Sunday, October 24, 2004

Riga blog.

Back a decade for this one, to Riga, the most Russian and perhaps not accidentally the least picturesque of the Baltic capitals.

October 12, 1994.

Checked out of the Victorija Hotel, Riga, around noon. The clerk said (in English), “Going home?” “Yes,” I answered, skipping the detailed explanation. We’d only been one night at the Victorija, a dowdy old hotel. Last night we dined in the room, including the can of reindeer pate we bought on the boat from Helsinki to Tallinn, which was tasty on crackers. As in many dowdy hotels of old Europe, the bathroom was down the hall. The first time I went to find it, I came across a room marked WC + the universal pictograph for man, behind which I could hear a shower running. Naturally I assumed I could walk in and use the head even while someone was showering, but my assumption was based on years of experience with bathrooms in capitalist states. As soon as I opened the door I noticed a man taking a shower, unenclosed by a wall. He yelled at me and I closed the door again.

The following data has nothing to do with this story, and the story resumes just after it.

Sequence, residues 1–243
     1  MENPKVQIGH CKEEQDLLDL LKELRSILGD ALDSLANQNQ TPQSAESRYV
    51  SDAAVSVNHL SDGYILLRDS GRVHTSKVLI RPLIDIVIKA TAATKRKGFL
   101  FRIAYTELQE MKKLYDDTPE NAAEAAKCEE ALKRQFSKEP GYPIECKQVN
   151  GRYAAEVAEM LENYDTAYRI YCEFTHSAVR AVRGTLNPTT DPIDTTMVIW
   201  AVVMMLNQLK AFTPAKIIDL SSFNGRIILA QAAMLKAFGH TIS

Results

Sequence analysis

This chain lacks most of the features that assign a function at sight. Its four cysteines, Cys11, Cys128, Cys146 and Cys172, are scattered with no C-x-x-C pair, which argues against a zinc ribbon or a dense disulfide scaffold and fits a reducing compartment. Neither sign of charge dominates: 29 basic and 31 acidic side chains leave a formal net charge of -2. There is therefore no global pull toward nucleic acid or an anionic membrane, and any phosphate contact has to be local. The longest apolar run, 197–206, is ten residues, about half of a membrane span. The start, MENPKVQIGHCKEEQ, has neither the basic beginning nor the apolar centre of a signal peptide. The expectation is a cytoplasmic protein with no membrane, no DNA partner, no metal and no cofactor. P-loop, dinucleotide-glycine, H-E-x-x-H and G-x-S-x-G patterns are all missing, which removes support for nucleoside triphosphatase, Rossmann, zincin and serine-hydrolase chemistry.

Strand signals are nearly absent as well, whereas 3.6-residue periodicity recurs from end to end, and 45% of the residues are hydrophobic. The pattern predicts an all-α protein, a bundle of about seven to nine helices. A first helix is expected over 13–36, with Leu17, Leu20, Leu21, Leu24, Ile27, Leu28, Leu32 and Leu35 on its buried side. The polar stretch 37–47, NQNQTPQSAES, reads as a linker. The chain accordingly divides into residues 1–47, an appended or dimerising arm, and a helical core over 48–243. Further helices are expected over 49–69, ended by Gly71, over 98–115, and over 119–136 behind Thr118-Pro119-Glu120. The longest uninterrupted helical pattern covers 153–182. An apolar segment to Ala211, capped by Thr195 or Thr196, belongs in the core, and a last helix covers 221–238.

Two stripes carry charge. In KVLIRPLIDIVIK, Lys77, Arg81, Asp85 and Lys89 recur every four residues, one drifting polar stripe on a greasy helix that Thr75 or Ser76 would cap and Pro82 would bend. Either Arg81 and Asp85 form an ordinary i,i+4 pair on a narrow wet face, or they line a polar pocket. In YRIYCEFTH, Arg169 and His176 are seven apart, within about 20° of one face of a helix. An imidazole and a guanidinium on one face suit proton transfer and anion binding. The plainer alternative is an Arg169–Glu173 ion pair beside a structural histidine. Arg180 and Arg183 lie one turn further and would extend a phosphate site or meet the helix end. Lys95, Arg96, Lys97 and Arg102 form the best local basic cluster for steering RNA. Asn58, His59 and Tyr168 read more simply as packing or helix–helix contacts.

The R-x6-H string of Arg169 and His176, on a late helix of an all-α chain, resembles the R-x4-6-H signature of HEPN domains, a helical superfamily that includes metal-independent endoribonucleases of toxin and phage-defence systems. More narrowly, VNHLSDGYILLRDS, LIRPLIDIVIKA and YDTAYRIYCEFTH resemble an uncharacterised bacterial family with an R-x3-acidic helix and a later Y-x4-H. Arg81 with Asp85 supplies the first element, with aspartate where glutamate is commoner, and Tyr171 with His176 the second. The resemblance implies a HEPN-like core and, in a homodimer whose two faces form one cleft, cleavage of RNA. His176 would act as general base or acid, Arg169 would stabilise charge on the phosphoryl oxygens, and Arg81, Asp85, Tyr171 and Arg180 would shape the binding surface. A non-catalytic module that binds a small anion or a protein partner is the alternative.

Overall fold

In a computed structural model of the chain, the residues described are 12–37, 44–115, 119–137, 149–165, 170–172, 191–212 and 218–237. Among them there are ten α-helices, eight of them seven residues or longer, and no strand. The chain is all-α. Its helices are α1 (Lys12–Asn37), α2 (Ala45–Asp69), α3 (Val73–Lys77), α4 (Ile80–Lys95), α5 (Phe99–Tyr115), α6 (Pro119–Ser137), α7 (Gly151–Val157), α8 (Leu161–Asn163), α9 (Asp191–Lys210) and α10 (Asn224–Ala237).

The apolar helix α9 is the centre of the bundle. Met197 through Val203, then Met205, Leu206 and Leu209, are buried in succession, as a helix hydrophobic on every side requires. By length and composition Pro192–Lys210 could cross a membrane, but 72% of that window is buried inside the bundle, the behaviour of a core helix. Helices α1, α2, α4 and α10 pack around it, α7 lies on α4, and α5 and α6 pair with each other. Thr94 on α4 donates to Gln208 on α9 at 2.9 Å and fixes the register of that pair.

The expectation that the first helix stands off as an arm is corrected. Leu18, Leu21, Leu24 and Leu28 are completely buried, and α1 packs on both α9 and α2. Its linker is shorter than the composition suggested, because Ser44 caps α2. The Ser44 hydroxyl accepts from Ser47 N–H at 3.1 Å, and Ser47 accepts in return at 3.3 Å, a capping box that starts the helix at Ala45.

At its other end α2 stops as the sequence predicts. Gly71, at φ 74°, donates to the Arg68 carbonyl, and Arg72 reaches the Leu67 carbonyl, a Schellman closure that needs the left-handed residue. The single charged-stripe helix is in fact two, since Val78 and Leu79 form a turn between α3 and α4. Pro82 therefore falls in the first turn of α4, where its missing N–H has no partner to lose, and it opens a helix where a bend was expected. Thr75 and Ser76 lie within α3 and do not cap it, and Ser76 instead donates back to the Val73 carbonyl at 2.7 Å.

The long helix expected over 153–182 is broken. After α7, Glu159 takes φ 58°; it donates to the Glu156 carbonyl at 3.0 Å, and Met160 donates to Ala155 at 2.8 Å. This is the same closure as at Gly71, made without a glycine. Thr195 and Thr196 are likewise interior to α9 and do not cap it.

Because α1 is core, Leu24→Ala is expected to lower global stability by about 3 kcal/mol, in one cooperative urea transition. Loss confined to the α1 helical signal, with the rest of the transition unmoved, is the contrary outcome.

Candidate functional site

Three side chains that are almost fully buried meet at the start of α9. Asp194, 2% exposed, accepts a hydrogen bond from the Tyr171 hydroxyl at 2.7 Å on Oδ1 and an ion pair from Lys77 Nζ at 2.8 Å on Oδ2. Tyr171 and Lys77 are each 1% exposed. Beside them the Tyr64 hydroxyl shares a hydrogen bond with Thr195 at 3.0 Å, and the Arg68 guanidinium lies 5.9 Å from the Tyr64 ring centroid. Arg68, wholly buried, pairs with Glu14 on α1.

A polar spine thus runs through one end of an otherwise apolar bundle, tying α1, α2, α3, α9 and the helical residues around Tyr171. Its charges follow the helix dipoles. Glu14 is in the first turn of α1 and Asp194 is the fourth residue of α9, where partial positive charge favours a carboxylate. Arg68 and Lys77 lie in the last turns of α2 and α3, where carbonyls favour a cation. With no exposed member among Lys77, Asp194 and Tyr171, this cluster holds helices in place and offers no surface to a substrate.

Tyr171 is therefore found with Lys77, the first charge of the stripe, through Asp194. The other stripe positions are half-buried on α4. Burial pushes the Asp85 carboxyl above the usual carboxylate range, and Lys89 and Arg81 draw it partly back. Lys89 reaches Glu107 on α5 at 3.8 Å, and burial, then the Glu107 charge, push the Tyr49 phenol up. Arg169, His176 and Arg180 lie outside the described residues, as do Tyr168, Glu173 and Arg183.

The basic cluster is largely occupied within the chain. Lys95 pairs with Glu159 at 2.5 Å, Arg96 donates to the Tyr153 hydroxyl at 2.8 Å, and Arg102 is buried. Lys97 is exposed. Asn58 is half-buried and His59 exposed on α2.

We had the day to kill before taking a train to Vilnius. First we had lunch at the Rama Café, run by the International Society for Krishna Consciousness in a walk-down space under a nondescript building. Cost the equivalent of $2.50 for both of us: decent vegetarian fare, rice, beans, greens, that sort of thing. And fine samosas. The place was packed, which must speak about the limited inexpensive dining options in this town. Most of the crowd didn’t look poor, but more ragged people were lined up at a side door, receiving food for free, probably.

Later we went to the State Art Museum, which had a good collection of 18th- and 19th-century Russian art, plus an assortment of Latvian works. What did we have for dinner? Can’t recall, but in the early evening we did go on a walk again through the old town, and I went into a department store to pee. Also had some passable pastries there. We caught the train to Vilnius at a decent hour (9:30 pm), and had the good fortune to share the compartment with a quiet middle-aged man.


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